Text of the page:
The offseason is inevitably a period of projection and speculation, which makes it the ideal time to ponder the hypotheticals that the Pittsburgh Steelers will face over the course of the next year, whether it is addressing free agency, the draft, performance on the field, or some more ephemeral topic.
That is what I will look to address in our Buy or Sell series. In each installment, I will introduce a topic statement and weigh some of the arguments for either buying it (meaning that you agree with it or expect it to be true) or selling it (meaning you disagree with it or expect it to be false).
The range of topics will be intentionally wide, from the general to the specific, from the immediate to that in the far future. And as we all tend to have an opinion on just about everything, I invite you to share your own each morning on the topic statement of the day.
Topic Statement: Benny Snell will rush for 500-plus yards in 2020.
Explanation: As a rookie Snell recorded 108 carries, rushing for 426 yards, in spite of the fact that he was only on the field for 166 total snaps on offense. While his opportunities were clearly influenced by James Conner’s health, he will have more trust from the coaching staff, and the team may lean more on a running back by committee approach.
Mike Tomlin’s preferred approach is to have one workhorse running back. Often enough, he has had that back. Le’Veon Bell filled that role for several years, most recently. Conner himself was that back in 2018. Rashard Mendenhall, as well, had a few years of that sort of workload.
Things change, though, and the Steelers have clearly invested in the running back position, using midround picks there in four straight drafts, the first time in decades the team has done that.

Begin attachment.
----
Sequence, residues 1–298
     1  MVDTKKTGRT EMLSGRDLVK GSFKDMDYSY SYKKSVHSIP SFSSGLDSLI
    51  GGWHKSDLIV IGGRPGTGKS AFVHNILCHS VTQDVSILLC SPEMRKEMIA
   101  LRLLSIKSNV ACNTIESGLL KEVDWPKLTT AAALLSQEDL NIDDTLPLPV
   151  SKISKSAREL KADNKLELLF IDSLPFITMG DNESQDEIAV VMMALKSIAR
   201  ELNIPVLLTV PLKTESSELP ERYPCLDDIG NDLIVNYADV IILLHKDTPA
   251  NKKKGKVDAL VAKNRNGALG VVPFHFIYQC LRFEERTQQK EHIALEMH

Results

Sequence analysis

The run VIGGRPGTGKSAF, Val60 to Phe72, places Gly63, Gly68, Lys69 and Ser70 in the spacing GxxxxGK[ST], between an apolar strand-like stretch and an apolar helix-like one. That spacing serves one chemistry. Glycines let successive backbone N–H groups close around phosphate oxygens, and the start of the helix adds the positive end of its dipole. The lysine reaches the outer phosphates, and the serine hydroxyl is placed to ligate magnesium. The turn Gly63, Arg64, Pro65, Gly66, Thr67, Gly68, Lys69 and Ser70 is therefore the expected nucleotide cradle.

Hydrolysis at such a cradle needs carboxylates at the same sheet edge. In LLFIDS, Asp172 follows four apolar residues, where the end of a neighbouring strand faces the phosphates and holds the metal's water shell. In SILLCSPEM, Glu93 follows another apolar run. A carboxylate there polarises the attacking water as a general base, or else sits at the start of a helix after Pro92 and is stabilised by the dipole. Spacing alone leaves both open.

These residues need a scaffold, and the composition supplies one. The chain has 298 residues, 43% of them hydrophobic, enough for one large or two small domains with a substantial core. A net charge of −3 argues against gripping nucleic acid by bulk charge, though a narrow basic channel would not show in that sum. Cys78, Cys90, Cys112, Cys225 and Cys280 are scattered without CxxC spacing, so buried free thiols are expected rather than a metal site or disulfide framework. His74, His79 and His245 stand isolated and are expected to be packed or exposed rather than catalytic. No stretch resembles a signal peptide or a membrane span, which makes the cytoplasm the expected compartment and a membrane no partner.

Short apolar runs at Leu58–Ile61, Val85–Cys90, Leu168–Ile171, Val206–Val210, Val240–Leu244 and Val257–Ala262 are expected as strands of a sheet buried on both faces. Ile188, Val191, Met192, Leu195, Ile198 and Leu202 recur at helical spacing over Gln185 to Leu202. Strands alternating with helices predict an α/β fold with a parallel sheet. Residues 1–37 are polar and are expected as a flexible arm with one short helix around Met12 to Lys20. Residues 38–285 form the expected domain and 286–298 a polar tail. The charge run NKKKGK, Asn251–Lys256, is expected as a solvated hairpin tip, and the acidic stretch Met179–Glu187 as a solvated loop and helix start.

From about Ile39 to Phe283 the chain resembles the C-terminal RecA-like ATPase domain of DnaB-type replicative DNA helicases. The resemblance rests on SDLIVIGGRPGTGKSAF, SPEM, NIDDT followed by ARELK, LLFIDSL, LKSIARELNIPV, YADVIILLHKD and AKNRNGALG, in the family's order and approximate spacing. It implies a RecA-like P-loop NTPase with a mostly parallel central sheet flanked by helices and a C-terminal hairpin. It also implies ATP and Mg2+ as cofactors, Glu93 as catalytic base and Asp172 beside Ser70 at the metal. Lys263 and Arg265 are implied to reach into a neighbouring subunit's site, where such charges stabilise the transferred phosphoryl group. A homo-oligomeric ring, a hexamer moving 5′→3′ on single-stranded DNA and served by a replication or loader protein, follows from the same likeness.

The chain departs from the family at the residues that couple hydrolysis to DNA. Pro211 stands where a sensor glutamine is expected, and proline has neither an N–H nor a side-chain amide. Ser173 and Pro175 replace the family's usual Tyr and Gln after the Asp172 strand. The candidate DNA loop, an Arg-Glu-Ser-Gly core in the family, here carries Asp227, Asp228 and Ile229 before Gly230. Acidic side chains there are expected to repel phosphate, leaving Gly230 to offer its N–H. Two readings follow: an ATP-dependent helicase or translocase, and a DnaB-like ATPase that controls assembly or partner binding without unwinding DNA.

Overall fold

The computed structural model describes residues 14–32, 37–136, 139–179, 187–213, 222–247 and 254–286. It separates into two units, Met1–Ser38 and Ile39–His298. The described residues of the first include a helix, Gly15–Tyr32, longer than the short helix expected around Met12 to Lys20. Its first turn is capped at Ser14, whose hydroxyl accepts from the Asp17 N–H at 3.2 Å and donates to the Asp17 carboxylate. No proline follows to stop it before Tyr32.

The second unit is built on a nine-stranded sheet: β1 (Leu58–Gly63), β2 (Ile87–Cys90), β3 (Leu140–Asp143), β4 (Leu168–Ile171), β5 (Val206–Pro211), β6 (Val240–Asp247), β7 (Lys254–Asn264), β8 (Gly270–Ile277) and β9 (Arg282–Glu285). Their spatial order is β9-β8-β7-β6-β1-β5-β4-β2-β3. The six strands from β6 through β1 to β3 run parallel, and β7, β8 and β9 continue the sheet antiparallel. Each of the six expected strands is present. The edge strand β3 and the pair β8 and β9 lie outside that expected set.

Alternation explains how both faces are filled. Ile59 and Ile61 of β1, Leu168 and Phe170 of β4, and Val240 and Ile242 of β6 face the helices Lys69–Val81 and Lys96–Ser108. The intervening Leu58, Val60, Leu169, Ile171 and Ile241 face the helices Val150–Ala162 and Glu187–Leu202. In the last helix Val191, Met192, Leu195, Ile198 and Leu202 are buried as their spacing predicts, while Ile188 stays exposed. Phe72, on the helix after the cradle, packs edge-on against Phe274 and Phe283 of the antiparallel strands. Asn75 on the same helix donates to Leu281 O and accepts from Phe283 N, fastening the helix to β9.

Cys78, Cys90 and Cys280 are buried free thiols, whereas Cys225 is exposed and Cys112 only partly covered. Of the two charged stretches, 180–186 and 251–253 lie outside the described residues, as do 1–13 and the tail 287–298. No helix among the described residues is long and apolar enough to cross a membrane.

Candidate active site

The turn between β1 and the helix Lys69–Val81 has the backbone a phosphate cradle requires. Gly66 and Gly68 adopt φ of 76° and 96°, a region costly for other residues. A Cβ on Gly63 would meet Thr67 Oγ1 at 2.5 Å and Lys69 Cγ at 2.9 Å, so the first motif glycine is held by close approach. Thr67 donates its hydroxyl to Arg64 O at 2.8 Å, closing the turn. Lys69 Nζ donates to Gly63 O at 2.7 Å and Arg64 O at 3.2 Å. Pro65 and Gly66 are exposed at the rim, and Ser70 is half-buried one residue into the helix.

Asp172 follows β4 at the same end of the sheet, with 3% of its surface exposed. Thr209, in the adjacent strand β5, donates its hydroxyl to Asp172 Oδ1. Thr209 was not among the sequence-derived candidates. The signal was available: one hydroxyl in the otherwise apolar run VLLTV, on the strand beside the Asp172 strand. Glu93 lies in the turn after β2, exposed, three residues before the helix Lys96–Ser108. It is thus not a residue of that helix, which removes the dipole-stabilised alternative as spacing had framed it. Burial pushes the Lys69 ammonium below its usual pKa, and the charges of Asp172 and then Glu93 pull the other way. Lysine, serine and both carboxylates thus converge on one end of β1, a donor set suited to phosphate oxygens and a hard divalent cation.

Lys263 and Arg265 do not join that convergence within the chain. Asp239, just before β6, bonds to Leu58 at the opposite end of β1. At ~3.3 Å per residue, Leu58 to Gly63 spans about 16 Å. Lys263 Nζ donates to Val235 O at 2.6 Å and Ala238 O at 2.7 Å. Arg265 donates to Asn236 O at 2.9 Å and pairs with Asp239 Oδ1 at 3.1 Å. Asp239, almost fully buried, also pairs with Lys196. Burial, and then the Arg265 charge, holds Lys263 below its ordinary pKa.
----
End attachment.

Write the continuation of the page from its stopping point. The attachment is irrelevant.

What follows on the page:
Snell showed a lot of promise last year, especially as the season went on, and I would expect that he reports in the best shape of his life. That’s common for running backs after their first professional season when they realize what it takes at this level, and one thing he has is determination, and a love for the game. With that in mind, 500 yards is an entirely reasonable benchmark in a platoon setting, equating to 31.5 yards per game.
As long as Conner is healthy, Snell isn’t going to get a ton of work. His skill set is the most similar, and thus most redundant. Assuming he makes the roster, Jaylen Samuels will be the back used in the passing game. Rookie Anthony McFarland is the one who offers speed. While Snell had a decent amount of 10-plus-yard carries, he is far from a speedster.
And this is a backfield that discussed the running back committee approach last year. it didn’t really play out that way, excepting for Conner’s injury. In the first six games of the 2019 season, Snell only had 23 attempts with Conner healthy, for 105 yards, averaging under 20 yards per game, and his per-rush average dropped after that.